The far-right tends to be scared of just about anything these days — free health care and the first lady’s staff among them — but for nonsensical bogeymen, you just can’t beat a presidential address to schoolchildren. As a reminder, the right was convinced that Obama’s address would push a “socialist agenda,” with “socialism” defined as anything from “Hey, there’s a black man on TV!,” to “I disagree with the general sentiment of this presidency!,” to too-little-too-late complaints about the federal deficit.
Yesterday, the White House published the proposed text of the speech. To the surprise of none, the address is beyond innocuous — it’s affirmatively patriotic, and inspiring. Striving to maintain a connection with students throughout, Obama reminds students that effort is essential to the process:
But at the end of the day, we can have the most dedicated teachers, the most supportive parents, and the best schools in the world – and none of it will matter unless all of you fulfill your responsibilities. Unless you show up to those schools; pay attention to those teachers; listen to your parents, grandparents and other adults; and put in the hard work it takes to succeed. [. . .]
But at the end of the day, the circumstances of your life – what you look like, where you come from, how much money you have, what you’ve got going on at home – that’s no excuse for neglecting your homework or having a bad attitude. That’s no excuse for talking back to your teacher, or cutting class, or dropping out of school. That’s no excuse for not trying.Where you are right now doesn’t have to determine where you’ll end up. No one’s written your destiny for you. Here in America, you write your own destiny. You make your own future.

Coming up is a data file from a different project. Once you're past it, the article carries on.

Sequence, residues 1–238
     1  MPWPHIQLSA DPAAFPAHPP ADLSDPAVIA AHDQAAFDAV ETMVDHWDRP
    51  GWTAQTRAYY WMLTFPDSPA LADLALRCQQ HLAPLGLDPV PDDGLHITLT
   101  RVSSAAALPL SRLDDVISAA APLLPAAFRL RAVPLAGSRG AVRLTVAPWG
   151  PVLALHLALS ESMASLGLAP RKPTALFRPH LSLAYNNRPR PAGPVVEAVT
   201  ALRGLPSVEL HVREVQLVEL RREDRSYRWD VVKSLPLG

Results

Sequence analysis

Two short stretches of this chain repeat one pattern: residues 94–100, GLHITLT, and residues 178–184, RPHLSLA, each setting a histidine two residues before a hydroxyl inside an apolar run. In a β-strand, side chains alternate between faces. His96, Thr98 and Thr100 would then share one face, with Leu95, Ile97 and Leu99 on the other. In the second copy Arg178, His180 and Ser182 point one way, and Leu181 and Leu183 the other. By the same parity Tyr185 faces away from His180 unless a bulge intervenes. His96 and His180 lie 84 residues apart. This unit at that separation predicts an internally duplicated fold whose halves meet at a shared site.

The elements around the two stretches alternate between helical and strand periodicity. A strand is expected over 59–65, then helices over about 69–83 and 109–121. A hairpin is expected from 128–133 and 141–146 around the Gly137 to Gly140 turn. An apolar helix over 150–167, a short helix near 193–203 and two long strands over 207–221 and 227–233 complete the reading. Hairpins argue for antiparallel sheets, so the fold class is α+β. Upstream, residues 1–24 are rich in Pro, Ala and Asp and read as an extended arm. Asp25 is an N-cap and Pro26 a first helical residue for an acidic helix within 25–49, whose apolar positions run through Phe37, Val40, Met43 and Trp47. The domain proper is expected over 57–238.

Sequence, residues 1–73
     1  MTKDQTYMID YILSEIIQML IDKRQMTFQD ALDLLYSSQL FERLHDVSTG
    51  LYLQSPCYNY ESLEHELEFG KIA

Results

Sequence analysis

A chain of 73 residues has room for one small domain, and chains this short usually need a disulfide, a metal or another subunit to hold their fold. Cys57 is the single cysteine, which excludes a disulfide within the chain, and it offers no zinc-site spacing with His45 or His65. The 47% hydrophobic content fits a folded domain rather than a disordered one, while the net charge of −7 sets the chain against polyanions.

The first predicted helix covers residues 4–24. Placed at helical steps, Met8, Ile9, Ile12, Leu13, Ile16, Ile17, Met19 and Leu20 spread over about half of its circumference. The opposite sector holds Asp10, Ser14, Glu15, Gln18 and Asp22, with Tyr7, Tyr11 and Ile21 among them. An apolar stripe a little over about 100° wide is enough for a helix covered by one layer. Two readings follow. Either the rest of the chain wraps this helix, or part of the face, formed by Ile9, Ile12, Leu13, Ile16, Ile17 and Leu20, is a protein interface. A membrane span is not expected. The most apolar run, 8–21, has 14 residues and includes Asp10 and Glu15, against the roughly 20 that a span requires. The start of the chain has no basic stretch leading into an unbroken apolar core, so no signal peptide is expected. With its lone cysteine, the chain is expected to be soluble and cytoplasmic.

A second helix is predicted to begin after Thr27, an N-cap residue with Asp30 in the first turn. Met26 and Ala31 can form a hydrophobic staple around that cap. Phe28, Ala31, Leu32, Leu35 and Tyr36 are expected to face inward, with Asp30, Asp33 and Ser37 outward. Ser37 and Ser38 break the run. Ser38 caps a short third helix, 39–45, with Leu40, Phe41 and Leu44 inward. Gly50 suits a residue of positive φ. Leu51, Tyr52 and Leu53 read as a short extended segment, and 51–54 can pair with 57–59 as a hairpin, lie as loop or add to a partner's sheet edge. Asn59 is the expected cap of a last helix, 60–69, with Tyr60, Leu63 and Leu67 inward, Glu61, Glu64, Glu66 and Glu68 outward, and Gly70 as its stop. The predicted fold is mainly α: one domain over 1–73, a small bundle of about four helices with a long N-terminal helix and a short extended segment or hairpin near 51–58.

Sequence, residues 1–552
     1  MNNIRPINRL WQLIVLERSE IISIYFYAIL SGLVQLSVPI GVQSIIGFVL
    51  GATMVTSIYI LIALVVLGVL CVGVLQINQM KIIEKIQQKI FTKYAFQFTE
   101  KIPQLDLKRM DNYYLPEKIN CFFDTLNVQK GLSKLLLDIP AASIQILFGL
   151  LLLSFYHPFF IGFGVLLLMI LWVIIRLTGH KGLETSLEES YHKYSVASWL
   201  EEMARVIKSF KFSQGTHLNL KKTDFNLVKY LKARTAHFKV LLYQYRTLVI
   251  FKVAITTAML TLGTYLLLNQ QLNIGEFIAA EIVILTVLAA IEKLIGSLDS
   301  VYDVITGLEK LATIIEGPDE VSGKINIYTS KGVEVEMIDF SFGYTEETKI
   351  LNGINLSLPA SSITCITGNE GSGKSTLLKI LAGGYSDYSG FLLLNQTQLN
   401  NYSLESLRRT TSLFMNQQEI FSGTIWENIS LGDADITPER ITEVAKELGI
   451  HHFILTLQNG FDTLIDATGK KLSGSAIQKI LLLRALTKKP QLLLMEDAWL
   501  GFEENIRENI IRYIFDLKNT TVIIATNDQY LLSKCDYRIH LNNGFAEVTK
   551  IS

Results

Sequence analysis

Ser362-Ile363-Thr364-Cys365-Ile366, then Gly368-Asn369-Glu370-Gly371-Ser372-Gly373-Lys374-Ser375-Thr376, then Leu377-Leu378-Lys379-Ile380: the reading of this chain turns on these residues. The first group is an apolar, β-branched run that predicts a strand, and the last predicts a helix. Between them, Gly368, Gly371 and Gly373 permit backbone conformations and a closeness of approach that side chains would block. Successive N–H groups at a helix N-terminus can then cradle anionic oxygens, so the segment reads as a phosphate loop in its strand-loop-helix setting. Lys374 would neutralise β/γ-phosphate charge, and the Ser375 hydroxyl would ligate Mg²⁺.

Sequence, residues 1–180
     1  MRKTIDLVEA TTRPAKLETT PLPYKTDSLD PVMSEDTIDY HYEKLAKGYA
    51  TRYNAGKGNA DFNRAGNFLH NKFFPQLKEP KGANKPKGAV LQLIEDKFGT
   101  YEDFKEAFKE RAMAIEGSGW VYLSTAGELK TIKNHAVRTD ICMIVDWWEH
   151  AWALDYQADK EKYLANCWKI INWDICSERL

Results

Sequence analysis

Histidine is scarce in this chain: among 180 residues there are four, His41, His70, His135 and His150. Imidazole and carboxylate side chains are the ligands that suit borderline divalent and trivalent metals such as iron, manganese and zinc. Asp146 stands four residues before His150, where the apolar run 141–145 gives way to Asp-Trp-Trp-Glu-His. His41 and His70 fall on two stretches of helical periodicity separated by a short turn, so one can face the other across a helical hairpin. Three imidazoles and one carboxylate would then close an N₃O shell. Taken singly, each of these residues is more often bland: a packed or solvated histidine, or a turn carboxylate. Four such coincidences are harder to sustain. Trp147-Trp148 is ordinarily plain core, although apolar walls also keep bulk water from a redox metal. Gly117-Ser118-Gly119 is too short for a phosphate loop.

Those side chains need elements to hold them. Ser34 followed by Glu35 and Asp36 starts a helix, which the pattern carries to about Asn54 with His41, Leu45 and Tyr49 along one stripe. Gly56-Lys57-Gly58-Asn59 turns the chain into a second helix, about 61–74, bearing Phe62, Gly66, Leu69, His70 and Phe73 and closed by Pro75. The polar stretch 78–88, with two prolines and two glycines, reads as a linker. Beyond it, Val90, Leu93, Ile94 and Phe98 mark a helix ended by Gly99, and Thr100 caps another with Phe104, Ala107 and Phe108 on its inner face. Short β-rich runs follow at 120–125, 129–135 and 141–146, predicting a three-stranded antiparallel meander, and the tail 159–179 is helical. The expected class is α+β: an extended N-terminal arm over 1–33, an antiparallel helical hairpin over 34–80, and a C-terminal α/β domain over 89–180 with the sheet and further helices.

And even when you’re struggling, even when you’re discouraged, and you feel like other people have given up on you – don’t ever give up on yourself. Because when you give up on yourself, you give up on your country.The story of America isn’t about people who quit when things got tough. It’s about people who kept going, who tried harder, who loved their country too much to do anything less than their best. [. . .]So today, I want to ask you, what’s your contribution going to be? What problems are you going to solve? What discoveries will you make? What will a president who comes here in twenty or fifty or one hundred years say about what all of you did for this country?
Your families, your teachers, and I are doing everything we can to make sure you have the education you need to answer these questions. I’m working hard to fix up your classrooms and get you the books, equipment and computers you need to learn. But you’ve got to do your part too. So I expect you to get serious this year. I expect you to put your best effort into everything you do. I expect great things from each of you. So don’t let us down – don’t let your family or your country or yourself down. Make us all proud. I know you can do it.